The approach is not for you if you:
- Are involved in the management side of your organization and it’s difficult to define the starting/finishing point.
- Do creative work (e.g. artist).
- Collaboration with your team is vital.
- Must collaborate with somebody else, whose productivity speed differs from yours.
Time management has always been a discussion point in businesses around the world. And it’s important to note that there isn’t one solution for everyone, you must consider time management from each and every individual’s perspective.
How To Track Your Productivity Level By Using the Pomodoro Technique?
While doing your tasks keep marking all the distractions that you’re bothered by, and note down the time you started and finished a task. It’s also a good idea to take 5 minutes at the beginning of your working day to get up to speed with the day's tasks, and it’s worth taking 5 minutes at the end of the day to reflect on your working day and to analyze your performance.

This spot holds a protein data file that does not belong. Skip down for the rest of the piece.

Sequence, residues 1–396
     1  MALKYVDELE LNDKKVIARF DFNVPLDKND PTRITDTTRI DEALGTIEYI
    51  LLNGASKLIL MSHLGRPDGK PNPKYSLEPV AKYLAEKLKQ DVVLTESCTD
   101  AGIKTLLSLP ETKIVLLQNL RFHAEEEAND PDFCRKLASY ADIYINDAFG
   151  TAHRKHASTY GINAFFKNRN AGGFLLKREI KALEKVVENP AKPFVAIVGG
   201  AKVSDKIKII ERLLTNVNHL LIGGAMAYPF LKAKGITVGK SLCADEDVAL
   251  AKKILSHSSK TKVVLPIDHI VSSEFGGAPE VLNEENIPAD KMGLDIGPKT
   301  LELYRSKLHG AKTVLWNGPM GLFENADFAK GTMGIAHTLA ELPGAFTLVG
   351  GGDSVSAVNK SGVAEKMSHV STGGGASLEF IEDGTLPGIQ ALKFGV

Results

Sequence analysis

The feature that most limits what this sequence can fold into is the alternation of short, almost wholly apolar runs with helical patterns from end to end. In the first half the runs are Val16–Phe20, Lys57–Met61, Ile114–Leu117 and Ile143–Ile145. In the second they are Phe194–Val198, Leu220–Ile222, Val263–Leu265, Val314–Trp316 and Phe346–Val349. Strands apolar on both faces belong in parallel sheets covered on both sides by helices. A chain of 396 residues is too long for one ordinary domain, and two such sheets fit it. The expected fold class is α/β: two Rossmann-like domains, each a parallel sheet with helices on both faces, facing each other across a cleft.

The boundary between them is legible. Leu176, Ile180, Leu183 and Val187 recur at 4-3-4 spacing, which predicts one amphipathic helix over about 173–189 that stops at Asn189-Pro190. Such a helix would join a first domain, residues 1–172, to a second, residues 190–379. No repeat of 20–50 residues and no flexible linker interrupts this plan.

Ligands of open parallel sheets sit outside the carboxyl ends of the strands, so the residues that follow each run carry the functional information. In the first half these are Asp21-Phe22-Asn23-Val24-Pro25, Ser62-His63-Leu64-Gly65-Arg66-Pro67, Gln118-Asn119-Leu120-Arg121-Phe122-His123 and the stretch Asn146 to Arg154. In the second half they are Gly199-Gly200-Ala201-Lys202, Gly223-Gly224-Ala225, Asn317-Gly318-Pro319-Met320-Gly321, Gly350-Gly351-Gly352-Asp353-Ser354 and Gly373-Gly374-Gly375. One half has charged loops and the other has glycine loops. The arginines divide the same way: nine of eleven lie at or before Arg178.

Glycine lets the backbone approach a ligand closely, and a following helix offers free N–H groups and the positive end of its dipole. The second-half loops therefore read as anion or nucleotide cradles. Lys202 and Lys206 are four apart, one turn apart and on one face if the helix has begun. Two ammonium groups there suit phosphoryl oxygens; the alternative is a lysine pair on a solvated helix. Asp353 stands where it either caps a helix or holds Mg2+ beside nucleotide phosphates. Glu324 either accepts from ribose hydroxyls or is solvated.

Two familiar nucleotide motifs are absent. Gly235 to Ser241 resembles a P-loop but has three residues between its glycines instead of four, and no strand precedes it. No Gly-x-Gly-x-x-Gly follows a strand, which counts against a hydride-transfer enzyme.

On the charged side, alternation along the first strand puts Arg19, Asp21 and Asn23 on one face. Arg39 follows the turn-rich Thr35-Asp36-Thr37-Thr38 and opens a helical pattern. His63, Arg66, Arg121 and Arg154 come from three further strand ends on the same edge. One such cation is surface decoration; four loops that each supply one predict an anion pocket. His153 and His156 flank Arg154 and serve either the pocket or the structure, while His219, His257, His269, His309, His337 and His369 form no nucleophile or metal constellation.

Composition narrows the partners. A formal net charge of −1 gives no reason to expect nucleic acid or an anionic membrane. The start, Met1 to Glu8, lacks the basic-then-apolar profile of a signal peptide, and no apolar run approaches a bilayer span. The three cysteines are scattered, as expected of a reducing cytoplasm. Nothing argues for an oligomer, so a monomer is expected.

By looking back over your day you’ll be able to see where there were issues, and what you can do differently the next day.
Does It Really Work?
The Pomodoro Technique has received a huge amount of feedback from people around the world over the years. With many individuals claiming that it has helped them to focus better on what they needed to do. In addition to this, some people who’ve already used the technique have noted that they would definitely try the Pomodoro Technique again.
Further to this, the fact that the technique is still being used around the globe today means that it must hold some significant value.
However, there are some people who don’t think that this technique holds much weight and that there are better ways to manage time.
Of course, it’s up to each individual to decide if this approach is/isn’t for them. If you haven’t checked out the Pomodoro Technique yet, you should give it a go, but do keep in mind that it may not be the best approach for you. There are many other time management techniques you can try today!
In the end, it's about developing a routine that helps you to live and to use your precious time on this earth in the best way possible. Whether that’s by spending time at work, by yourself, with your family or by doing what you want to do in life.